Sunday, February 12, 2012
The 3D Scam
The long awaited 3D release of Star Wars - Episode I has hit the theaters, but I won't be going. Let me explain why.
First off, I love a good 3D movie. I was that kid who wore the red and blue glasses wherever I went. In fact, I still have an emergency supply of about 50 of those glasses. You never know when someone's going to post something cool in 3D on the internet!
I remember watching the original House of Wax when it was re-released in the late 70s. That movie has some cool 3D effects that were unmatched until Avatar came out. Here's the iconic paddle-ball scene. (Make sure to grab your emergency pair of red/blue 3D glasses!)
How do 3D glasses work? Simple--all you have to do is emulate the natural parallax that our two eyes provide. What image do you see with your right eye? And what image do you see with your left eye? Put those two images together, and the differences in the angles, and what one eye sees that the other doesn't, provide the information the brain needs to judge distances. This emulation process is so simple to understand, that I was able to produce cool drawings in high school. The lines come out of the paper, and I impressed many girls. < I'll post one of these drawings as soon as I find one. >
Okay, so 3D is a simple process. If you have right-eye info and left-eye info, you have 3D. To shoot film in 3D, you put two cameras next to each other.
However, once you've shot a 2D movie (using just one camera), you only have info from one eye. There is simply insufficient data to create a true 3D image. You can estimate it using focus/out of focus data. Or you can manually take each frame and judge: "I'll put this guy here, and this gun that he's holding will come out of the screen this much, etc." Sound familiar? This is exactly what people went through to colorize old movies. At the time, people thought it was a good idea, but you know what? Today, no one admits that anyone ever successfully pulled it off. The colors always look unnatural.
It's the same with converting 2D movies into 3D. There just isn't a way to pull it off perfectly, and the results are distracting. Case in point: Clash of the Titans (2010). The 3D conversion was so terrible that characters' heads appeared to be detached from their own bodies. The result was distracting and all the reviewers unanimously warned us viewers NOT to watch the movie in 3D. I took their word for it and watched it in 2D. I also remember seeing a preview for the movie Piranha 3-D (2010), and thinking, "This 3D is terrible! How could any professional producer let this inferior product hit the screens?"
Some 3D conversions are better than others. I'm sure all the CGI in the Star Wars prequel movies will be awesome, as the 3D information will most likely already be there. That's how Pixar was able to successfully produce Toy Story 1 and 2 in 3D. Since the original animation was produced with 3D imaging, the needed information already existed to produce the true 3D image. This type of info doesn't exist anywhere in the original Star Wars trilogy. I wonder how they're going to manage that.
But, yeah--if you watch Star Wars I, expect to see some cool 3D effects, but anything that's not CGI will be a toss up, and it would only take one instance of Obi Wan's nose floating in front of his face to ruin it all.
I actually wouldn't mind going to see the movie and judging how well they did the 3D conversion, if it weren't for the "scam" going on right now. It's not that anyone's doing anything illegal, but like cell phone companies charging exorbitant texting fees and charging for receiving unsolicited texts, it's something the movie industry's doing and will continue doing as long as we, the consumers, let them.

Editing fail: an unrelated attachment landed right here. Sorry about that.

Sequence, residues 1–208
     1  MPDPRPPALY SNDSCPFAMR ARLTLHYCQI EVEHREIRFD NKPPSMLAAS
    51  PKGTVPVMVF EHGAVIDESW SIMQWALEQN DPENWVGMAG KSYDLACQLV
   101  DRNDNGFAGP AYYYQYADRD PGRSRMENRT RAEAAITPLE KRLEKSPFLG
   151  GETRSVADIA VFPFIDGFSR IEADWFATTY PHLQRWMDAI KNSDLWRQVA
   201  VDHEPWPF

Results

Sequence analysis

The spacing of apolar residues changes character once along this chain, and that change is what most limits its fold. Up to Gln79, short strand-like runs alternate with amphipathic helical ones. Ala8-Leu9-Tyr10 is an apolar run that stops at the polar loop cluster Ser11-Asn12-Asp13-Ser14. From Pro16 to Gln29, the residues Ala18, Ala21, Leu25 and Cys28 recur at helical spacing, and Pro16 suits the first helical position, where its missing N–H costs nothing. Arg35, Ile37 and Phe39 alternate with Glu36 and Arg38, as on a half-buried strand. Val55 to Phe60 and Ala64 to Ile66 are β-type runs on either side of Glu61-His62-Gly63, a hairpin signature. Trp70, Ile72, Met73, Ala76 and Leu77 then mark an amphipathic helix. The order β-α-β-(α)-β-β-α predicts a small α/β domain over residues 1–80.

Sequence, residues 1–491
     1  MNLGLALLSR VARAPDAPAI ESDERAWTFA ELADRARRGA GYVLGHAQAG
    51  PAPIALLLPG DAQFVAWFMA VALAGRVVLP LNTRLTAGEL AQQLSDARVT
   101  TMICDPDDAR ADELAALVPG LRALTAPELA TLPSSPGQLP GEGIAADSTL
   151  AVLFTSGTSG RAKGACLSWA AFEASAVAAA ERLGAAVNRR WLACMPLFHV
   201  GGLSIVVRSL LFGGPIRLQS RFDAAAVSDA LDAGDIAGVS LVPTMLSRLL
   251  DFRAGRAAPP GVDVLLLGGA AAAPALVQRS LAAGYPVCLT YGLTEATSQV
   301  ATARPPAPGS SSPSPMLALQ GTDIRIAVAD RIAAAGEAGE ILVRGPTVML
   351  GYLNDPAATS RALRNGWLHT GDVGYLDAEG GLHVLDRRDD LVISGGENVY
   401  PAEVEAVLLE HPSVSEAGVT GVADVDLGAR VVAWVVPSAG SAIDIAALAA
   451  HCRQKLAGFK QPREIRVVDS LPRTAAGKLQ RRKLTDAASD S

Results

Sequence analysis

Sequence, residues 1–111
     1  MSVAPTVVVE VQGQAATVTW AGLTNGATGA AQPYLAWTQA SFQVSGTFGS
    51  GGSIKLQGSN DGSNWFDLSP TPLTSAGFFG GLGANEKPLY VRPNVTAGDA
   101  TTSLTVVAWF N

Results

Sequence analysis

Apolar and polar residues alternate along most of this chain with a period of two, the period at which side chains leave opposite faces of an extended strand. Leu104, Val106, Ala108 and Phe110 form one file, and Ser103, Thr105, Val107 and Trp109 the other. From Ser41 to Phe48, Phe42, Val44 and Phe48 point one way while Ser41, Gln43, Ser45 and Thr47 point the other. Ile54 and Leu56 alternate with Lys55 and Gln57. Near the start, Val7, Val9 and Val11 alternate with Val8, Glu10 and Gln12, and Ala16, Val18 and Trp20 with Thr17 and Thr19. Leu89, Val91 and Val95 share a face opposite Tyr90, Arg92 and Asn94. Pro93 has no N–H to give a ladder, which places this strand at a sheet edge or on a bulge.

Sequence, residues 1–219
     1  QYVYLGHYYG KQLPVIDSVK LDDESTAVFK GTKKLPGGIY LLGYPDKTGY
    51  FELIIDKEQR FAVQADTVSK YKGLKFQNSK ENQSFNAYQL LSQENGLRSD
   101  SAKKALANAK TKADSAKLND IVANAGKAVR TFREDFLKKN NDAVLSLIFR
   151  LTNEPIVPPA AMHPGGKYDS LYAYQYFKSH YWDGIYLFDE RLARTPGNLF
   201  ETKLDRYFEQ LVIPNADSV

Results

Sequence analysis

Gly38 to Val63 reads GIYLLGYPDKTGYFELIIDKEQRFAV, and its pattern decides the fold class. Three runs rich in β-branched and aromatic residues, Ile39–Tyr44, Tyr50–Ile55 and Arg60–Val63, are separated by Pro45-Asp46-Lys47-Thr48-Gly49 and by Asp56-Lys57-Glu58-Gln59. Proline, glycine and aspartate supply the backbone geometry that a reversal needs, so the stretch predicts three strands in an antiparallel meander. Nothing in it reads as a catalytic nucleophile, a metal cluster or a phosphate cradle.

This 2D-to-3D conversion is a recent boon for the movie industry. 3D movies are in, and everyone wants a piece of the action. If it's cheaper to film in 2D and then convert to 3D, then an inexperienced 3D producer will go for it.
And look what's going on at the box office. You have to pay an extra $3 fee per ticket "for the glasses." I once asked if I could use my own pair that I saved from the last movie, and was told that I have to use the glasses specific to that movie. While that once used to be the case, just about every movie produced in the last few years USES THE SAME 3D GLASSES produced by Real3D.
Also, outside the theater, they ask you to put your glasses into those recycle bins. Do you ever wonder what happens to them? If they throw them out, then that's a terrible waste of material. If they clean them and repackage them, there's still no way that the costs of recycling get anywhere near $3.
We should call it what it really is: a fee to cover the extra costs of producing the 3D.
With that in mind, now you, the consumer, should know which movies deserve to get that extra $3. Movies like Avatar went out of their way to give us some of the most awesome 3D effects in our generation. On the other hand, movies like Clash of the Titans decided at the very last minute to convert to 3D, hoping to pull in an extra buck. Their costs were nowhere near what Avatar spent, and the results were disastrous. Yet, they pocketed that extra $3 per ticket.
How do you know which movies are really shot in 3D? You could either do a Google search on the movie's name and add in quotes "shot in 3D," or you can visit this site I found: realorfake3d.com. It lists which movies have "real" 3D and which ones are "fake." (The only place I disagree is with Transformers 3D, where most of it actually was shot in 3D, and the only reason to really watch it is the awesome 3D effects.)
So, when you want to see a movie, go check it out. If it was shot in 3D, go ahead and pay the extra $3. They deserve it. If not shot in 3D, watch the movie in 2D and help put an end to this silly 3D conversion scam.